Personalized Pressors – REACT Study Group

Written by Clay Smith

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A personalized approach to vasopressor management may improve kidney outcomes. Read on to see how this works.

Why does this matter?
We know outright hypotension is bad for the kidneys. But a one-size-fits-all mean arterial pressure (MAP) cut off also may not be best. Could we tailor pressors to match an individual’s need?

Personalized pressors
This was a multicenter prospective study with 302 critically ill patients ≥40 years old with non-hemorrhagic, largely septic shock, who needed at least 4 hours of vasopressor support. They measured the association of relative hypotension and acute kidney injury (AKI) or major adverse kidney event (MAKE-14) within 14 days. Relative hypotension was measured by comparing pre-illness baseline mean perfusion pressure (MPP) and MPP achieved during the critical illness with vasopressor support; a ≥20% MPP deficit was the key variable. MPP = MAP – CVP. Basal MPP was estimated using prior BP readings in the chart and prior right-heart catheterization or echocardiographic data to determine CVP (or mean values stratified for +/- heart disease if no echo or RHC). For every percentage increase in time-weighted average MPP deficit, the adjusted odds of significant AKI increased 5.6%, and odds of MAKE-14 increased 5.9%. Practically, it can be hard to estimate baseline MPP. An easier method may be to use baseline MAP. A MAP deficit also correlated significantly with AKI (aOR 1.059; 95%CI 1.021–1.099) and MAKE-14 (aOR 1.062; 1.021–1.105). The editorialist compared personalized pressor management to ventilator settings based on ideal body weight instead of a one-size-fits-all tidal volume. When you think of it like that, personalized pressors makes sense.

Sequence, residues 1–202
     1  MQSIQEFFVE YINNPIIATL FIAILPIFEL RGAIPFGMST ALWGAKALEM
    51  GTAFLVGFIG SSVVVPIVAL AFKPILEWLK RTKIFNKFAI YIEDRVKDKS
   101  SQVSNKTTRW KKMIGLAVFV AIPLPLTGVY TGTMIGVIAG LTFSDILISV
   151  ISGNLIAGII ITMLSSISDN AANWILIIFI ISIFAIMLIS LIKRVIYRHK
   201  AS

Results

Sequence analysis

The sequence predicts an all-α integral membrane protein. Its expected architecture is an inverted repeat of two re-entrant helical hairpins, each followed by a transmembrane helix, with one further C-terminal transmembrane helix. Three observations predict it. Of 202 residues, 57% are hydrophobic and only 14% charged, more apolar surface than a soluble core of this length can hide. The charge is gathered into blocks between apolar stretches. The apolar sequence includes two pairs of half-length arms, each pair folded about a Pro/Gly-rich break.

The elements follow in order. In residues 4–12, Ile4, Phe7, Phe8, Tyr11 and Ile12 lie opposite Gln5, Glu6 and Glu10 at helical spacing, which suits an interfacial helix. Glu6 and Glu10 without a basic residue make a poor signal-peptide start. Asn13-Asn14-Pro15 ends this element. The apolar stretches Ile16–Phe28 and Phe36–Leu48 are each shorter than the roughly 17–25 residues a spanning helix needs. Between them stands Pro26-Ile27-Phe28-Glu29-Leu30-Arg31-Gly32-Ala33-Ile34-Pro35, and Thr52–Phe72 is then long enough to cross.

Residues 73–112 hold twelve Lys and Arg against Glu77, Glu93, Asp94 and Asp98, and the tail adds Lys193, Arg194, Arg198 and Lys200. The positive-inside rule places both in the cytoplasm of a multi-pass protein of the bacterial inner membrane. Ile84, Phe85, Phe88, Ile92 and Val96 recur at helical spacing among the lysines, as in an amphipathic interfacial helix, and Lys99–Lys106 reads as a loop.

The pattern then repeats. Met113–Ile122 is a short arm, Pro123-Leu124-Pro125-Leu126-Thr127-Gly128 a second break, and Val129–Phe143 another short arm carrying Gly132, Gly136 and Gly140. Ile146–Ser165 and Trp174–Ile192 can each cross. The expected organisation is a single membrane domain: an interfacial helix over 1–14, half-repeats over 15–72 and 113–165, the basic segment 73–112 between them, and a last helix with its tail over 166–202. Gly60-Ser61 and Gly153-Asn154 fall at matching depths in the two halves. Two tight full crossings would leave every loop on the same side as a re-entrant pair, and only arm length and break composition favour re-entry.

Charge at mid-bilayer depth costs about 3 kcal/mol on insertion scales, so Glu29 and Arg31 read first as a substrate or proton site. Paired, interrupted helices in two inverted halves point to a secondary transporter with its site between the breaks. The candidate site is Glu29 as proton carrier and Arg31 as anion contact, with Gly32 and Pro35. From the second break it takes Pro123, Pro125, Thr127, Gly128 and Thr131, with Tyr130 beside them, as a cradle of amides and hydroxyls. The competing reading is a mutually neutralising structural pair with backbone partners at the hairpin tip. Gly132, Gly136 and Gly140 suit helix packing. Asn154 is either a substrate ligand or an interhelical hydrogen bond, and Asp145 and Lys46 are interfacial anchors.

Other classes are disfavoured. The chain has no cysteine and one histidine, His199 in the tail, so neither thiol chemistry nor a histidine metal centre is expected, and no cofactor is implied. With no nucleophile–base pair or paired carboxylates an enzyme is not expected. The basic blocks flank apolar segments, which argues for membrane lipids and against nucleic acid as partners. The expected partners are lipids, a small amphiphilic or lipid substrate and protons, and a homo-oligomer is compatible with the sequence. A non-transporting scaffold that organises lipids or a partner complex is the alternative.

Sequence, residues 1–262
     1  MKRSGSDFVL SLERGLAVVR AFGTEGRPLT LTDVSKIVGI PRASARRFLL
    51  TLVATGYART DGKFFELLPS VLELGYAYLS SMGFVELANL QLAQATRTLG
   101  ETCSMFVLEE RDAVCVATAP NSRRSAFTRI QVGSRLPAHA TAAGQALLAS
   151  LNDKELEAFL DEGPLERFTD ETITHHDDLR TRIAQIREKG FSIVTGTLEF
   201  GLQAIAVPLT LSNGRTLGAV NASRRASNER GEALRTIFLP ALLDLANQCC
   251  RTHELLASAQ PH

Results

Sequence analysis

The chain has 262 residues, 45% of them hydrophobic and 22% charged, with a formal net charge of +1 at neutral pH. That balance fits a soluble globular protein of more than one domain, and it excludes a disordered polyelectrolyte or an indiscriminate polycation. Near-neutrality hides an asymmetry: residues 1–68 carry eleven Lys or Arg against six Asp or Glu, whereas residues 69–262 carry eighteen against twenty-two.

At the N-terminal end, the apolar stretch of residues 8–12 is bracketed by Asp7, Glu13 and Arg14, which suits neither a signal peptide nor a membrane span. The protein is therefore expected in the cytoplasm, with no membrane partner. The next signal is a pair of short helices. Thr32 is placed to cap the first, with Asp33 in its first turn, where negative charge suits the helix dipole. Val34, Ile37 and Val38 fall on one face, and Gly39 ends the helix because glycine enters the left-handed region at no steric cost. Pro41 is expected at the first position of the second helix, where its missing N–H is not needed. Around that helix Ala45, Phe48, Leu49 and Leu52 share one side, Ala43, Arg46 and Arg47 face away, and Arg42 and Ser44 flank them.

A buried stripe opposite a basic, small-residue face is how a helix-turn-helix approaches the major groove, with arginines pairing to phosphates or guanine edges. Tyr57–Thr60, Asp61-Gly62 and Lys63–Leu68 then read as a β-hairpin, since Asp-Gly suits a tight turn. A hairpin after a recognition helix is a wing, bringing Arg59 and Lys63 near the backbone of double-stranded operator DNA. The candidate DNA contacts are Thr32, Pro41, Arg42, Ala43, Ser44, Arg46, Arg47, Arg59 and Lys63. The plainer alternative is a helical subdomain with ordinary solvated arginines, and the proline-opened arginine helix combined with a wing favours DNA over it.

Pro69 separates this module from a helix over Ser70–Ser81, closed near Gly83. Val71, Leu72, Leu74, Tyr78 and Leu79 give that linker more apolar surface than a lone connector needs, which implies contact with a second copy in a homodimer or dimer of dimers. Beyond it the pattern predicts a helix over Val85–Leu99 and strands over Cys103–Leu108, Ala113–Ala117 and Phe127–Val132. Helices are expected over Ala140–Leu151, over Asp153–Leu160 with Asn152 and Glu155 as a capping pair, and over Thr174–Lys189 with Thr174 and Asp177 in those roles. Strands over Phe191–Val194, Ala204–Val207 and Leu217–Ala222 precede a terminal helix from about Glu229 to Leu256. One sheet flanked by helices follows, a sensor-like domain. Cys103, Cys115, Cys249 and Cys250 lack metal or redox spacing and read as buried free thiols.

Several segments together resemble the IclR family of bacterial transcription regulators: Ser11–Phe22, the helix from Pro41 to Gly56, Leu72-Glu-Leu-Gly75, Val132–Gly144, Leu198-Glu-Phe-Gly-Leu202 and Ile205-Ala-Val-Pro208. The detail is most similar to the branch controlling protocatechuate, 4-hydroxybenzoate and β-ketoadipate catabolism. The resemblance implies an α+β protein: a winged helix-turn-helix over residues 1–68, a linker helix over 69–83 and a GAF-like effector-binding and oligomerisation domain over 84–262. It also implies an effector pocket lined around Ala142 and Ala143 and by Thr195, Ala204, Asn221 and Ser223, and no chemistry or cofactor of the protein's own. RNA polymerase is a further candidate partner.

Relative Hypotension and Adverse Kidney-related Outcomes among Critically Ill Patients with Shock. A Multicenter, Prospective Cohort Study. Am J Respir Crit Care Med. 2020 Nov 15;202(10):1407-1418. doi: 10.1164/rccm.201912-2316OC.

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